A team of researchers from the Jackson School of Geosciences at the University of Texas have been developing a new technology that could potentially reduce carbon dioxide (CO2) emissions and the amount of energy required for mining critical minerals.
The American institution announced its new research project on Friday which is intended to help prospectors use the CO2 produced as a byproduct during mining operations to weaken rocks containing critical minerals, thereby resulting in easier extraction and low-emission operations that require less energy.
The project will be funded by a US$5 million grant from the United States Department of Energy and the university says the ultimate goal of the studies will be to substantially reduce the emissions generated during mining operations by storing carbon dioxide inside rocks and therefore eliminating more carbon than is being produced.
“Mining processes create a lot of CO2 as a byproduct,” said Estibalitz Ukar, the project’s lead research scientist at the UT Jackson School of Geosciences’ Bureau of Economic Geology.
“If you can capture what is produced at the mine, then you can come up with a low-emission operation, which is good, but we want to use the CO2-reducing properties of ultramafic rocks to help eliminate even more CO2,” she added.
A new technology developed by @Bureau3E scientists could make mining critical minerals carbon neutral — or even carbon negative— by storing CO2 emissions as part of the mining process. https://t.co/s3ttO7x28t pic.twitter.com/EV8Mp5l379
— UT Jackson School of Geosciences (@txgeosciences) March 24, 2023
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The study is part of the U.S. Department of Energy’s Advanced Research Projects Agency-Energy’s (ARPA-E) Mining Innovations for Negative Emissions Resource Recovery (MINER) program. The program aims to develop new technologies that will help increase domestic supplies of critical minerals needed for decarbonization goals.
The project will last for three years with the first two being dedicated to lab studies followed by a full-scale field test conducted in partnership with Canada Nickel Company (TSX-V: CNC) (OTCQX: CNIKF).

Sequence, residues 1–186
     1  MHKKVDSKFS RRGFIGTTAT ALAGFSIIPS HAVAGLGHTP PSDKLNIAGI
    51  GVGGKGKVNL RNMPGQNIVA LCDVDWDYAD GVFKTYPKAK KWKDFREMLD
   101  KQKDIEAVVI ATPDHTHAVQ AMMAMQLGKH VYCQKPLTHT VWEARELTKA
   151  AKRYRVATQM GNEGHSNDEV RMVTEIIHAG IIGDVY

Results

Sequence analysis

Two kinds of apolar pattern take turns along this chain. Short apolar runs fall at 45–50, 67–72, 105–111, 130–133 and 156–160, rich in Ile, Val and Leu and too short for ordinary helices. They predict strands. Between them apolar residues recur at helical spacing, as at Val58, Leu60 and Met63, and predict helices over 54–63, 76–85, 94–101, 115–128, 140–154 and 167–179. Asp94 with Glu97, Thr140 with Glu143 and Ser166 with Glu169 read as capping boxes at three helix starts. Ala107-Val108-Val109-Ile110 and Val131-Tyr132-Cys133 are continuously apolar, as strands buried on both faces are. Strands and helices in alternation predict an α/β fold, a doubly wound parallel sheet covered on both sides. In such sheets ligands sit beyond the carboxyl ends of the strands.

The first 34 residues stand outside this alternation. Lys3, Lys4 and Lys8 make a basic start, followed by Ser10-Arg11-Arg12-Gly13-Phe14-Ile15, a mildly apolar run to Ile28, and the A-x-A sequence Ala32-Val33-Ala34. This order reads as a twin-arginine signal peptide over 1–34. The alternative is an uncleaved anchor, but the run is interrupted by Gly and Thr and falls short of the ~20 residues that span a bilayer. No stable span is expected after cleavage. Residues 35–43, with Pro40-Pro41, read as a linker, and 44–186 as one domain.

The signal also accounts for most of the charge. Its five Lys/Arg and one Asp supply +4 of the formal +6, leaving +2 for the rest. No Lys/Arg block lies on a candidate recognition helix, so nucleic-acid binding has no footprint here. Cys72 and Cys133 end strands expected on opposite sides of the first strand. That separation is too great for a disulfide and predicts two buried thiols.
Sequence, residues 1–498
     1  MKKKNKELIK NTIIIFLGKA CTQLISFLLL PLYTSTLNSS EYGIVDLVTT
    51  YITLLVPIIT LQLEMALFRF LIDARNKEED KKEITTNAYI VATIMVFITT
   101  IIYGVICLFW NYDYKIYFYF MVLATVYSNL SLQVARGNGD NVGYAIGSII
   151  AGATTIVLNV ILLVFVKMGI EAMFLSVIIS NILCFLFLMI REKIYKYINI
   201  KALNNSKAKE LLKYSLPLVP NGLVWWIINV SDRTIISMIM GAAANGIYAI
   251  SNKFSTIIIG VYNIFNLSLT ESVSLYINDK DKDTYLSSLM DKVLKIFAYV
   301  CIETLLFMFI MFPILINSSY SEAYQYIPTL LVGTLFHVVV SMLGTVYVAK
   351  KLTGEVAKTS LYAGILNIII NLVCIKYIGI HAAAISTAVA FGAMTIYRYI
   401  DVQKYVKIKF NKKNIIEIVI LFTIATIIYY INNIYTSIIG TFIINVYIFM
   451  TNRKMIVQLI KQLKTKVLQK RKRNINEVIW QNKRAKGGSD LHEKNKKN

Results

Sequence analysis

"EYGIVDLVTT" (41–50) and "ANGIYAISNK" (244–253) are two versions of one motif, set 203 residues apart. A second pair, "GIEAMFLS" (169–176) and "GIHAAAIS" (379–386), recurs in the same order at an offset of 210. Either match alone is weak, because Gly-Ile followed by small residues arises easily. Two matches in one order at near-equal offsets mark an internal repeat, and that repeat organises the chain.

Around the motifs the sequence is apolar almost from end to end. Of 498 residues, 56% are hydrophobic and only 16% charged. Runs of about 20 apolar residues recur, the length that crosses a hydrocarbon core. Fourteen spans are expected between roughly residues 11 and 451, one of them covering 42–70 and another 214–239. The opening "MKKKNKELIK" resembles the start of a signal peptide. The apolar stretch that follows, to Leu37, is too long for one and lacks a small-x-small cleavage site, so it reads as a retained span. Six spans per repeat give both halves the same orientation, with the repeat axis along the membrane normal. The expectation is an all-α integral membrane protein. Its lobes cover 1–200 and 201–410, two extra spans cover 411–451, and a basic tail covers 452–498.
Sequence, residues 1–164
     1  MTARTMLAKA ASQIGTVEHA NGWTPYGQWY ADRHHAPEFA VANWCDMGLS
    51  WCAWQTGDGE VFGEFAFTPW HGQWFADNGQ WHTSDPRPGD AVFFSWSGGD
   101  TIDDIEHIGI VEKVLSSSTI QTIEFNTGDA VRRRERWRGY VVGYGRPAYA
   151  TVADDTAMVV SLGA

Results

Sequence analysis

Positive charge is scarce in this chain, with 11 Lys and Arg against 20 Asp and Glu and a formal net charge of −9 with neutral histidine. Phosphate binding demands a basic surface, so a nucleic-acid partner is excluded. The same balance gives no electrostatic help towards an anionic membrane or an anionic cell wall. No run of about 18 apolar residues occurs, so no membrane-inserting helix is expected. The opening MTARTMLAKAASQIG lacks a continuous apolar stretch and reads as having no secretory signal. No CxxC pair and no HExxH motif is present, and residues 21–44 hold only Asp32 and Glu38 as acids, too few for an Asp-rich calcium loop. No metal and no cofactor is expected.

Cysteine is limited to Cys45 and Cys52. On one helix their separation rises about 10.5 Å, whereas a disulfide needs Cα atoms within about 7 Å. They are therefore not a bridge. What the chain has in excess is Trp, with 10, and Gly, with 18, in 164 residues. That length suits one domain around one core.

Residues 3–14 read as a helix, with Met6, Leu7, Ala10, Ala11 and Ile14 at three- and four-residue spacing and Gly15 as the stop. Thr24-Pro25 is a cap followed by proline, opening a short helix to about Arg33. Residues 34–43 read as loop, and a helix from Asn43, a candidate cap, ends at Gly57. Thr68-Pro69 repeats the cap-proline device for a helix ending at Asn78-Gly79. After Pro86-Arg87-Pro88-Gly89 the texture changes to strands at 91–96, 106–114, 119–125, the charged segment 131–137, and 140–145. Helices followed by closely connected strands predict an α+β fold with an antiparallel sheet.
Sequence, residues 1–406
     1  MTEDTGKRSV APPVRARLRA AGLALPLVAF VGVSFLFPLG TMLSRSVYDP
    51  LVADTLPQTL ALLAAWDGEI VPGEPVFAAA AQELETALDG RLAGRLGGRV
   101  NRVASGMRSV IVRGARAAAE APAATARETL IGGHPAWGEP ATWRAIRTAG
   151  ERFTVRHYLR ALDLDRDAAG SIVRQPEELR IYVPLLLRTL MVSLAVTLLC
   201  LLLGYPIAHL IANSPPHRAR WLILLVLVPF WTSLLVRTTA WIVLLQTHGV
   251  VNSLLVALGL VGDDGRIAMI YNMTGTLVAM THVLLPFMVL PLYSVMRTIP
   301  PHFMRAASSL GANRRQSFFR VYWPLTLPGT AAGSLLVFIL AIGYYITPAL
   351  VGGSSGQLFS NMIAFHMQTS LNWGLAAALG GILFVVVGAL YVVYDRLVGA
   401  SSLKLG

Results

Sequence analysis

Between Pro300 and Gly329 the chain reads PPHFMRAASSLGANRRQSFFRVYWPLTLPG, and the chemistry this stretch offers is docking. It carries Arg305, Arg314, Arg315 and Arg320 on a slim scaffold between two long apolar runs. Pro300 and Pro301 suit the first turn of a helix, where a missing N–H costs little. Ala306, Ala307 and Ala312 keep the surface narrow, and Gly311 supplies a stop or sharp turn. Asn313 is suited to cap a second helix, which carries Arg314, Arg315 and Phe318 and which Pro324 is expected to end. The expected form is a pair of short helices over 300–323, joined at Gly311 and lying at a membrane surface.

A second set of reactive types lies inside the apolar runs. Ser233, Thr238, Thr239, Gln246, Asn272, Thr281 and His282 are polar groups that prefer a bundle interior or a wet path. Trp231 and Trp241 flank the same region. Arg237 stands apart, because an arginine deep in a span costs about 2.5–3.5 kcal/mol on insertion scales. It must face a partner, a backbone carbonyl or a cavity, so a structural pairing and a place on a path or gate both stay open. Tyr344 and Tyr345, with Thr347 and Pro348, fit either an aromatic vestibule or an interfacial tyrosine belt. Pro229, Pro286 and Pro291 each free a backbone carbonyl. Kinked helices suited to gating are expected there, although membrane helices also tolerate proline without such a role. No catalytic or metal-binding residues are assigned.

The project’s successful development of the technology could make low-grade deposits more economically feasible for miners.
The institution says it is possible to store CO2 in ultramafic rocks because of how they react with carbon. CO2 breaks the rocks structure through a chemical reaction and thus makes the minerals contained in those rocks easier to mine with less required energy and reduced emissions.
Ukar says the CO2 reaction also partially turns the ultramafic rocks into a limestone, thereby incorporating the carbon dioxide into the rocks mineral structure and storing it in there for good.
“The demand is high now, but we will see a huge increase in the next three to five years as we transition into lower-emission technologies, such as electric vehicles. We need to meet the demand by finding creative ways to reduce costs and emissions, find new sources of metals, and make the mines of the future more sustainable. And we need to do it fast,” said Ukar.
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Ultramafic rocks are a sub-category of igneous rocks which are classified as either felsic, intermediate, mafic or ultramafic depending on their chemical composition and the minerals they contain. Ultramafic rocks contain more dark minerals than the other sub-categories, which are higher in magnesium and iron.
The research is being undertaken by scientists from the University of Texas in partnership with Columbia University in New York, the University of Bern in Switzerland and researchers from Iceland’s Carbfix program who are engaged in similar studies.